Other than fresh produce, you might find longer lasting food with damaged packaging is also marked down in price – think tins of soup that have been bashed, or packs of biscuits that someone has broken.
As long as the packaging has not been compromised – you don’t want to take a risk with anything that’s been exposed to the air – you can pick up some good quality ingredients at much lower than the market rate.
Be smart when eating out – or in
The coronavirus pandemic has made eating out more difficult. Many restaurants and cafes up and down the country are closed as a result of coronavirus restrictions, and even if your favourite restaurant is open, you might not feel comfortable eating out just yet.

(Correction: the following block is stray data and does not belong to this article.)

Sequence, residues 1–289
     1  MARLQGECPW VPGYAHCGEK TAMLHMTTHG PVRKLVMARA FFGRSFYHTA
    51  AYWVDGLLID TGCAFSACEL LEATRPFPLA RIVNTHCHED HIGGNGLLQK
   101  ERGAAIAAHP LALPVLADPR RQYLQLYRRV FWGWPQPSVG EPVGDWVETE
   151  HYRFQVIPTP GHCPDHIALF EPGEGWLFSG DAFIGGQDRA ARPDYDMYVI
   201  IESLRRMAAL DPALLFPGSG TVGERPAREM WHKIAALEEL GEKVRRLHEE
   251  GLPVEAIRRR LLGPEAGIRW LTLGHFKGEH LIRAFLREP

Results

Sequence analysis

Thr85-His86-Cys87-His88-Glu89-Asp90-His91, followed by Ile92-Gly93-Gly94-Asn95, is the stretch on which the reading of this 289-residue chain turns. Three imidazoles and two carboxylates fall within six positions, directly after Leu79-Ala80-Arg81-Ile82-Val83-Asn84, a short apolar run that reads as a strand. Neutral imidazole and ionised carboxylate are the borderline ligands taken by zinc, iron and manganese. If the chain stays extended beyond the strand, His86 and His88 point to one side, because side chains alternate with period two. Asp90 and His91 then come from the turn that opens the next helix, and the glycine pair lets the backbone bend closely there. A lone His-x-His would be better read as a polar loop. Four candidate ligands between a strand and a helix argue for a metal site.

In normal circumstances, however, there are several tips you can take advantage of to save a bit of money when eating out – from making sure you ask for tap water rather than bottled water, to finding your local BYOB restaurant, where you can save on expensive alcohol markups.
There are savings to be found when eating in too. There’s nothing better on a Saturday night than an Indian or a Chinese, but you should try to keep takeaways as an occasional treat, rather than an alternative to cooking a healthy meal.
When you do treat yourself to a takeaway, you should avoid apps like Deliveroo or Uber Eats. It may be convenient to be able to scroll through all of your local takeaways on a single app, but you pay for that convenience with expensive delivery surcharges. If possible, you should avoid delivery altogether and collect your order yourself.
Lastly, one of the biggest pitfalls for overspending on a takeaway is people overpaying for things they can buy elsewhere for far cheaper. You might not be able recreate that katsu curry you love so much – but you can certainly buy a can of coke from your local supermarket at a quarter of the price of your favourite takeaway.